Strategies call for a network of small businesses to provide food and other services in the completed park. They try to spread the impact of the new park to encourage small businesses in the historic Anacostia neighborhood, especially with respect to vacant city- and privately owned properties. They support development of a small business incubator in the area. Finally, special efforts are called for to connect the park to existing business corridors on both sides of the river. In Anacostia this is focused on the area along Martin Luther King Jr. Avenue and Good Hope Road; on Capitol Hill the challenge is the walkability of the section from the park along 11th Street by the Navy Yard and under the freeway.

Far-reaching and creative solutions will address housing affordability. Some are as simple as creating a system to collect, organize, and publicize affordable housing opportunities to residents in the bridge’s impact area. Others would facilitate purchase of rental units by current residents, as well as construction of new units of affordable housing in the area. In February the Bridge Park began a homebuyer’s club for those seeking to stay and move from rental units to owned homes. Over the summer, the Bridge Park sponsored weekly tenant-rights workshops for residents in Wards 6 and 8. Consideration is being given to form a community land trust, a nonprofit that would own land and provide ground leases for affordable homes whose occupants would save on the portion of property taxes placed on the land. The ideas go on, and for sure there will be many more to help with the challenge of keeping the places around the Bridge Park from becoming islands for the rich.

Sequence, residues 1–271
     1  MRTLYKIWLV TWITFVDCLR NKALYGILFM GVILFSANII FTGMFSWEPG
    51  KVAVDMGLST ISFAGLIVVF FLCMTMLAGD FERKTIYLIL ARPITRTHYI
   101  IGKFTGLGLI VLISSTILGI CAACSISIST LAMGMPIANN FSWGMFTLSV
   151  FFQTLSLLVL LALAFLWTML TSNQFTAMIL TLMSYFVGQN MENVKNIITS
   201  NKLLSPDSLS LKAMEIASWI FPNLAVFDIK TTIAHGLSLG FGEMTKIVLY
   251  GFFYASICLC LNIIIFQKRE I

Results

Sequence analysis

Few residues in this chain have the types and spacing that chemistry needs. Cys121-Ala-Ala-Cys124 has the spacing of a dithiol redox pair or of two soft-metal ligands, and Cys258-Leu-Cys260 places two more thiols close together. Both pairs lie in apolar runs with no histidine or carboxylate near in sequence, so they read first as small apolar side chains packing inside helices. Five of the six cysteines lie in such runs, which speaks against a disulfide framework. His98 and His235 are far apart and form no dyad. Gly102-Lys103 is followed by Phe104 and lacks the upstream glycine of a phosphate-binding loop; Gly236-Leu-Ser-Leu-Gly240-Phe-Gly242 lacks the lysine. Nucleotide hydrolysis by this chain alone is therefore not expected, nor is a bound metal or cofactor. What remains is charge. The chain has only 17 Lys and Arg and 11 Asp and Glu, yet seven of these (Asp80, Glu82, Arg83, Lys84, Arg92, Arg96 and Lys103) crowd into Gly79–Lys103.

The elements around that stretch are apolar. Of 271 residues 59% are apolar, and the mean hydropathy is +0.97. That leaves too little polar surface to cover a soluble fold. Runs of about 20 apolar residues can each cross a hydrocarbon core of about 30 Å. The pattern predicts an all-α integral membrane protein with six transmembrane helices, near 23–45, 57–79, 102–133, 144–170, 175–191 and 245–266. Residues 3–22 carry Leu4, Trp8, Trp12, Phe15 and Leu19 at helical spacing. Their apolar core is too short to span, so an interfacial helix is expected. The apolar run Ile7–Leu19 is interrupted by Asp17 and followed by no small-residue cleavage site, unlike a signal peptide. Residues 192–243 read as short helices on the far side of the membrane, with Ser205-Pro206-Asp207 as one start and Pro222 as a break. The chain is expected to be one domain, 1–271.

The equitable development plan is focused on the economics of what happens in the areas around and near the bridge. But the project sees another challenge that needs to be taken on without delay. That is to get people used to coming to the river and using the facilities and enjoying the nature that is there. So the third area of focus for Kratz and his team is to develop programming to start to attract folks. One interesting project is an art installation being prepared by students on both sides of the river at Eastern and Ballou high schools. It will consist of four large sculptures being readied for unveiling on April 9 at the 2017 Anacostia River Festival. They will be placed along the River Trail and speak to the flora and fauna of the area, the role of Native Americans, the historic Navy Yard, and the legacy of Frederick Douglass, who daily walked the 11th Street Bridge to downtown from his home in Anacostia.

Other art projects are underway to draw people and attention to the history and attractions of the Bridge Park and its surroundings. A new art display area of five-by-five-foot frames lighted by LEDs is being installed where Good Hope Road tunnels under I-295. It is planned to be open next April. The Bridge Park, US Navy Museum, and Capitol Riverfront Business Improvement District are collaborating on three large wall photos to be placed on the walls of the Navy Yard along 11th Street under the title “Behind These Walls.” A series of urban farmlets is underway to prepare the demonstration beds for the Bridge Park. There are already four farms with 110 raised beds, with plans to add three or four more in 2017.

Friends, we have a lot to look forward to down by the riverside.

Group at work on one of the urban farms. Photo: 11th Street Bridge Park

Bill Matuszeski writes monthly about the Anacostia River. He is the retired director of the Chesapeake Bay Program, DC vice-chair of the Citizens Advisory Committee on the Anacostia River, and a member of the Mayor’s Leadership Council for a Cleaner Anacostia River.